As always, no matter how chaotic the world around him is, Bruno always has time for meals with his friends. The Monday dinner is as close to sacrosanct as it can get. In To Kill a Troubadour, we also get to look in on a dinner, where the special forces, sent in to help protect the town, get a break from the usual dreary military rations thanks to Bruno’s hospitality.

Another part of the book I enjoyed was the introduction of Balzac’s pups into the plot. This is a good, natural way to keep connection to characters from previous books. In this case, the singer, Rod Macrae, introduced in The Shooting at Chateau Rock.

Bruno books also delight in the way that Walker blends in current political action along with regional history. I never come away from reading a Bruno novel without a better understanding of the world I live in.

Also, the story deals with misinformation in the media, and the way much of it is manipulated by world powers, in this case Russia. To Kill a Troubadour was likely finished either just before or just after Russia’s invasion of Ukraine.

However, as you follow the various stories on the internet, it is quite clear that misinformation is definitely a part of the conflict. I will let you decide for yourself which side is most responsible.

Like a lot of novels being currently written, Covid-19 lurks in the background, but doesn’t play a major part. One advantage of the novel is that you can play with time. Plus, you can only write so many words about people taking masks on and off.

Prior to To Kill a Troubadour, my only thoughts on Occitan culture was the chain store, which sells a bunch of stuff I’d never want to purchase. Along with that, I know a little bit about the chain’s founder, through Kim Sunee’s autobiography.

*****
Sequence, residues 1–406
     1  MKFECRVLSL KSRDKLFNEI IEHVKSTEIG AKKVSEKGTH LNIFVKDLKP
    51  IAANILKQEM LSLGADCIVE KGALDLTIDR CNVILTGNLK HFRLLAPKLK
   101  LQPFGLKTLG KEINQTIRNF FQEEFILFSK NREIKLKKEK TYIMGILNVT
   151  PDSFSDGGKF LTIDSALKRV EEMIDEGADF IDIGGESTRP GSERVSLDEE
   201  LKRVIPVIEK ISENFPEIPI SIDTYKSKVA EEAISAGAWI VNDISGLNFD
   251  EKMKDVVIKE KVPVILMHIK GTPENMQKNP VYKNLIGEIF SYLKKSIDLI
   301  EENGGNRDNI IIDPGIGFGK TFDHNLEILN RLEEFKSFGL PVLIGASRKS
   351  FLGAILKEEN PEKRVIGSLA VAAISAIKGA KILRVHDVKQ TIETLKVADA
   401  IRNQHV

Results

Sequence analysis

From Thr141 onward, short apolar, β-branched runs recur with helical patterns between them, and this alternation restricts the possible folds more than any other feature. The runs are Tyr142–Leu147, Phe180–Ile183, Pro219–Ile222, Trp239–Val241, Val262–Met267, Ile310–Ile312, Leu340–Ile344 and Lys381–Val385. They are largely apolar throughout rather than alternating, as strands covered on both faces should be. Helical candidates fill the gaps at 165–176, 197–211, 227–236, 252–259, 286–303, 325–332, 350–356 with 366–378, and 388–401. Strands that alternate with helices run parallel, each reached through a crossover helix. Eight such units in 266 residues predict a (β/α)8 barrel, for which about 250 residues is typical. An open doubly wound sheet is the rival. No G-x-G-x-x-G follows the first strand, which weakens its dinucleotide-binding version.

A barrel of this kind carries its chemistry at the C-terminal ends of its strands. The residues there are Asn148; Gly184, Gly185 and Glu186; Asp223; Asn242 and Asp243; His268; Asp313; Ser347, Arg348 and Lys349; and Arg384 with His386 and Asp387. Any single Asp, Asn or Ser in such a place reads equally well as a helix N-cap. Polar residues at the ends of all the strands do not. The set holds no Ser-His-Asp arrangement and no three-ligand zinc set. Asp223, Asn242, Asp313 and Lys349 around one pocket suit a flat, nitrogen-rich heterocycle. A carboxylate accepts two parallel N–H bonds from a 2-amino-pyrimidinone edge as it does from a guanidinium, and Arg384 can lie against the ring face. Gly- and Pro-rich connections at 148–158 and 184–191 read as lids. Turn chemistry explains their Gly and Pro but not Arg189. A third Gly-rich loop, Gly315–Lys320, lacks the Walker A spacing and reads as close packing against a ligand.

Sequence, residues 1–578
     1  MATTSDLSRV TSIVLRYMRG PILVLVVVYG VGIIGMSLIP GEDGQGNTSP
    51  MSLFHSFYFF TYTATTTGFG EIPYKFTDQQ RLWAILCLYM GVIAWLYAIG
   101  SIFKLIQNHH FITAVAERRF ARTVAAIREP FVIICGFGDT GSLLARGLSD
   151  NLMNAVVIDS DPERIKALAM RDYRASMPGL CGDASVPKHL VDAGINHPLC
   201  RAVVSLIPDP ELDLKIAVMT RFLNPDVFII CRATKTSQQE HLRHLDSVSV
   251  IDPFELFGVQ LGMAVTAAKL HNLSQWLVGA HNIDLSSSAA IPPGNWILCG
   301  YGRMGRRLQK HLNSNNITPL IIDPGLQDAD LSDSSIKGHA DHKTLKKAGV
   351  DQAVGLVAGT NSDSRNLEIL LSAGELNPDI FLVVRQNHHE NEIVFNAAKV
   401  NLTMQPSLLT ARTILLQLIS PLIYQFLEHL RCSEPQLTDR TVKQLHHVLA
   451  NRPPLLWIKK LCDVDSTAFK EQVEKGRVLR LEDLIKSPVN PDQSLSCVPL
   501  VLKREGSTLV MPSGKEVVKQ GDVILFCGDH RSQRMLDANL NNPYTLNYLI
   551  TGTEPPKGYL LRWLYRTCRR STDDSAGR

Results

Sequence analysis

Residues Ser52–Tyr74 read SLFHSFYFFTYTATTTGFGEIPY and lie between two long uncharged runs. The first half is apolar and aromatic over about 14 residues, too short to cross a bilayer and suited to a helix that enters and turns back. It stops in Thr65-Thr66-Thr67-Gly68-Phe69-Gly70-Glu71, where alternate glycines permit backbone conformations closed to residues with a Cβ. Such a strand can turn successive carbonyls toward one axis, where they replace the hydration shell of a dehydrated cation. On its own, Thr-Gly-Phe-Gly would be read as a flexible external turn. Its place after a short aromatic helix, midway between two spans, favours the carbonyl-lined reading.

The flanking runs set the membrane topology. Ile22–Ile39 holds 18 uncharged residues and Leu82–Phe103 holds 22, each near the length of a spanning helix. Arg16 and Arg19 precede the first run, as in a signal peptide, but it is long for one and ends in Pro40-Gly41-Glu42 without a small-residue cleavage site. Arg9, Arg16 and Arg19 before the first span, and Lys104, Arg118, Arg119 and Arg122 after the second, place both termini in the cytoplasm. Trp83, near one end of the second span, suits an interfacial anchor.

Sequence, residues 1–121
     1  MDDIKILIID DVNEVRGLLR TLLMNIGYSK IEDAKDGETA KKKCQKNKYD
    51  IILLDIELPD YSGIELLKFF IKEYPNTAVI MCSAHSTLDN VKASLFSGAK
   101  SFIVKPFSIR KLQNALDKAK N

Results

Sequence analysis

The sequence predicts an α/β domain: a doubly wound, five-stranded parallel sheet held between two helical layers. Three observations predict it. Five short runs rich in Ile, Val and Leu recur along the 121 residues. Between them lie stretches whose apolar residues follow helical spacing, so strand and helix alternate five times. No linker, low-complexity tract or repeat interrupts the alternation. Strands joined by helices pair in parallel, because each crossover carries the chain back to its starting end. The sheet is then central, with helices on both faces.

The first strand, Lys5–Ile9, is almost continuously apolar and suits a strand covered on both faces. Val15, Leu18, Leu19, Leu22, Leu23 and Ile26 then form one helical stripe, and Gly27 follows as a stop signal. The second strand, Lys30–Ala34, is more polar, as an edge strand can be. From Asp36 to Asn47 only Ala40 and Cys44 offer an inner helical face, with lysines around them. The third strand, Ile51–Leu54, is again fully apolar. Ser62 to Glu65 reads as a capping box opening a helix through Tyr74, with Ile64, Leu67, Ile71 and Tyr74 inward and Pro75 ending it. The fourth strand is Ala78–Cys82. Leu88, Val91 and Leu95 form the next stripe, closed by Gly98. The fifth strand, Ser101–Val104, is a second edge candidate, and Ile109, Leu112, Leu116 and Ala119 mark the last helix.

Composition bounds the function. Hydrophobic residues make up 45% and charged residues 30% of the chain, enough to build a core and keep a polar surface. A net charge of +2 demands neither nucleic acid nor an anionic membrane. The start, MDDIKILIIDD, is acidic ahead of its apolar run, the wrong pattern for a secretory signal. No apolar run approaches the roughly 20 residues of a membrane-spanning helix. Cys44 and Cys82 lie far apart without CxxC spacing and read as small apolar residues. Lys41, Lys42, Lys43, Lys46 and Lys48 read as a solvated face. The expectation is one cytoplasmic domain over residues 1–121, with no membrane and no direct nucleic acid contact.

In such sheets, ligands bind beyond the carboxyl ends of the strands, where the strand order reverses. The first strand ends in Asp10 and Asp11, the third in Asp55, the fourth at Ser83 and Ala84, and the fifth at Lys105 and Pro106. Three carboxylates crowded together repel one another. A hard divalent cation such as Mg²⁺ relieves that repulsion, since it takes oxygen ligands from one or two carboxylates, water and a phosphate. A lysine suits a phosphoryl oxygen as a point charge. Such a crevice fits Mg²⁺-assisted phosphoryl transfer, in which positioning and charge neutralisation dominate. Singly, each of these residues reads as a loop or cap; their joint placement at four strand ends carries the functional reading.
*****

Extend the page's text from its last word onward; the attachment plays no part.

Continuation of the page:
Through this novel, I learned a whole lot more about the region. As well as both the Muslim influence on the area, as well as the influence that Islam had on Western music as we know it.

The one thing in the book that hit as a little difficult to believe was how long it took them to figure out the method of attack. Although there were several red herrings thrown up by the suspects, the possibility of the weapon, should have been considered by a group that contains high-level military and government figures.

That, however, is not something that will in anyway put me off of the Bruno series. I enjoy the way in which the main characters continue to grow. I look forward to the follow-up novel to To Kill a Troubadour, and the publication of the English language version of the Bruno cookbook.

As a rule, I am not a cookbook fan. I do have a few that are connected to specific crime writers and I need to get around going through them and writing them up. I will also need to go and find the remaining Bruno story collections that I haven’t yet read.

By Donald McKenzie

Anglican priest, and food blogger. This blog is focused on Food. It will feature reviews of places to eat books, and the odd recipe. I also write about what it means to gather together around food.